The Coaching Habit

Stanier - Do-More-Great-Work-3d-225x201

Dr. Relly Nadler: This week we are talking with Michael Bungay Stanier. He is the author of numerous different books, but the one that we are going to be zeroing in on is The Coaching Habit: Say Less, Ask More, Change the Way You Lead Forever. I came across his work from one of our colleagues, Dr. Ed Nottingham, who is really good about bringing in key people into my world, as far as research and doing innovative things. I know he has had Michael do some presentations at his organization, which is FedEx.

Michael is the Senior Partner and Founder of Box of Crayons, which helps organizations around the world do less “good” work and more “great” work. We’ll look at that distinction about that. Their training programs give time-crunch managers and tools to coach in ten minutes or less. I love that and if you have been listening to that for a while, we want to give key tips that you can do.

He is the author of a number of books, and the first one I saw was the best-selling, Do More Great Work. His book and philanthropic project, End Malaria, collected essays by thought leaders around the topic of great work and through its sale, raised more than $400,000 for Malaria No More. He’s been a popular speaker as well as speaking at such organizations as Google, TD Bank, and is constantly top-ranked at conferences such as HRPA, Evanta Conference Board of Canada. As an Australian, he is surprised to find himself living in Toronto. He is a Rhoads Scholar at Oxford University. His only real success, he said, was falling in love with a Canadian; now his wife for 20 years.

He says in his bio here; as George Orwell said, “an autobiography is only to be trusted when it reveals something disgraceful.” Bearing that in mind, we’ll ask him a little bit about that. Michael was banned from his high school graduation for the balloon incident. He also left law school being sued by one of his lecturers for defamation. He managed to knock himself unconscious doing a haul as a laborer. So you can see, he has a good sense of humor.

Michael, welcome to the show!

Michael Bungay Stanier: Hi. I’m excited to be here. Though honestly, I think I would prefer to be on a cruise with Cathy, but you are the second best offer that I’ve had today. So I’ll go with that.

Dr. Relly Nadler: Thanks Michael. I think I’d like to be on a cruise with Cathy too. So it said in the intro, that you are from Australia. How did you land in Toronto? Was it meeting your wife?

Michael Bungay Stanier: Yes, it was. I was lucky enough to win a Rhodes Scholarship which took me to Oxford, which was brilliant, but really not for the reasons people think, although it’s a great privilege to be a Rhode Scholar, it did two things. The first is it stopped me from becoming a lawyer. I would have been a very sad and a pretty inadequate lawyer. So that was a great boon, because I finished a law degree in Australia and kind of the momentum of things like that is that you carry on and before you know it you have 10 years into a law career, wanting to kill yourself.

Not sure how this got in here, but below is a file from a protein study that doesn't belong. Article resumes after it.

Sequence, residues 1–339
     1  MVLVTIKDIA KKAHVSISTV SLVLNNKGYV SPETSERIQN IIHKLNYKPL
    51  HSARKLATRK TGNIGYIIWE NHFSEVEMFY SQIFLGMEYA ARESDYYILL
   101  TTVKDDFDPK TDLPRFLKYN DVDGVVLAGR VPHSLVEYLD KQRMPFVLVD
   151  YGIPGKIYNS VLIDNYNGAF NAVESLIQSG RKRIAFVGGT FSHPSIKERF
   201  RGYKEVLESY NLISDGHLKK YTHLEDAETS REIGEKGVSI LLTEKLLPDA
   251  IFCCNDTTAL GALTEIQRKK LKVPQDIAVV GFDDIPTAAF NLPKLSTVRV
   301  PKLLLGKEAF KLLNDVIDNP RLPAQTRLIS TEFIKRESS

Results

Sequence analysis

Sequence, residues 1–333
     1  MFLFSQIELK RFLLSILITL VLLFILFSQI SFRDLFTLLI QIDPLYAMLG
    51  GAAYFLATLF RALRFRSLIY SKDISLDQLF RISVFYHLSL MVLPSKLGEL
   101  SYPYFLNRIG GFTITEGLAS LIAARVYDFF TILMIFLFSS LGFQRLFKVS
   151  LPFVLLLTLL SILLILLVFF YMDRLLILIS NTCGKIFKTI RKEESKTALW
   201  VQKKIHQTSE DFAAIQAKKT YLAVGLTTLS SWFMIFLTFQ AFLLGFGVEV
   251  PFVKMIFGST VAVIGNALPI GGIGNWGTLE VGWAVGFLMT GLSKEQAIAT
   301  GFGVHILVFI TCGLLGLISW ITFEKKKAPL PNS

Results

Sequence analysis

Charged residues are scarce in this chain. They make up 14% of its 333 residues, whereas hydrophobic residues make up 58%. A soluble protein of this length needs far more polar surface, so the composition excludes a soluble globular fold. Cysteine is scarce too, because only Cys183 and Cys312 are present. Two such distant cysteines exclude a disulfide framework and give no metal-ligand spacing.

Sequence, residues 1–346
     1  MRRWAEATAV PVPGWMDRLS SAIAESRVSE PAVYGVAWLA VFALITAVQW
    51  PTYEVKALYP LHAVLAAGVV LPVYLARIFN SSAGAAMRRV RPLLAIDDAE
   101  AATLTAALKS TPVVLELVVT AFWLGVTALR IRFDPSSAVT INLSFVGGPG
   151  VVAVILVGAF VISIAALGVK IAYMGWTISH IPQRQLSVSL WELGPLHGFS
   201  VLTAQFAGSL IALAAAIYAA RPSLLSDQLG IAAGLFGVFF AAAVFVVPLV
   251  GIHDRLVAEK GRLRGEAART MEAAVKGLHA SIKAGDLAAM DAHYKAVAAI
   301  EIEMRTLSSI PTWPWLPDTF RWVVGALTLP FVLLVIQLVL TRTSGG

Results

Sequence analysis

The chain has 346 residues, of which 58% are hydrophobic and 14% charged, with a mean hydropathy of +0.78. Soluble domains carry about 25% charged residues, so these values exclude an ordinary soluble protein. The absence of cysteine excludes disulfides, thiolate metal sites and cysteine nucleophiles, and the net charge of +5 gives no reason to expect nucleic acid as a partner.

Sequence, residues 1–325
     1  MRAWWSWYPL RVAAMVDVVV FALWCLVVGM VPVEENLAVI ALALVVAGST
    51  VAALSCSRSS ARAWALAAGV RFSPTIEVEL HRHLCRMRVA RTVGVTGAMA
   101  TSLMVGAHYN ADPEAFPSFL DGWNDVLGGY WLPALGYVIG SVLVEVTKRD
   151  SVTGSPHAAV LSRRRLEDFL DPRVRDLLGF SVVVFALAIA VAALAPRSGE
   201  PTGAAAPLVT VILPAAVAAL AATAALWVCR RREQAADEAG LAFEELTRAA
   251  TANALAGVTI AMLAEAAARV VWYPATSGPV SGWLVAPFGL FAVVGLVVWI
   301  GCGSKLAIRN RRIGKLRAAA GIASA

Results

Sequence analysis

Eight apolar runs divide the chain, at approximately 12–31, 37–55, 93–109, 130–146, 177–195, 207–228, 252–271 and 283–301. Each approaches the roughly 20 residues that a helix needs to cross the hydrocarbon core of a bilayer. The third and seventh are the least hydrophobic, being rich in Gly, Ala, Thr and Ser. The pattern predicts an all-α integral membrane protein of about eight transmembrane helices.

It saved me from that. But the real bonus was when I arrived in Oxford, almost immediately I met my wife, Marcella, and she and I have been a couple now for 25 years, she’s my co-partner in running business. Honestly, if you ever want the greatest test to a relationship it’s to go in and work with your life partner because you find out all sorts of stuff about yourself and about them that you would never find out otherwise.

Dr. Relly Nadler: I’ve been married 26 years, and I think we decided not to go into business together for probably some of the reasons you are in business. But yes, it can be very challenging. So I commend you on that.

Michael Bungay Stanier: Honestly, we got it wrong five times. We probably had five identical conversations where my wife would say something like, “you know what, this is it, I quit.” She was done with it. But, I tell people one of the things that really influenced and changed the way we worked, and this is good not only if you work with somebody, if you work with human beings. The Thinker out there, a guy called Leds McKeown, his website is

He has a really simple, but powerful model about the three roles that play out when you work with people. There is the visionary; that’s the kind of big picture/future oriented, bright and shiny object syndrome, totally unrealistic about how long things actually take once, wants to meddle with everything—that’s me, I’m a visionary.

The operator: that’s the getting stuff done, doesn’t like process, doesn’t like to do this and this, it’s just a waste of time and all that stuff, getting the stuff to happen.

Then there is the processor. That’s the person who kind of needs systems. Needs to dot the I’s and cross the t’s.

They all kind of wind each other up, but they are all needed for a successful organization.

What’s powerful about that is that you discover that the conflict and the dysfunction you have with somebody is less about your personalities and more about the roles you are playing and the fact that those roles always have their own dynamics to play out.

Now when my wife and I working together, and she’s and “O” and I’m a “V”, operator and a visionary, rather than me going Marcella is a crazy woman who has no idea what she is doing and is a disaster being married to her, yet I’m working with her; I now go, oh, she’s and operator and that’s what she wants, I’m a visionary and that’s what I want, and we always run into each other like this. So it calmed us down a lot.

Dr. Relly Nadler: I can see how that is really valuable. One of the tools that I use all of the time is the Myers Briggs, similar to what you are saying. It’s so much easier to say, especially with my wife I’ve learned a lot, oh, she is not doing this to me, this is just her way of being in the world—like you are saying—and I have a different way of being.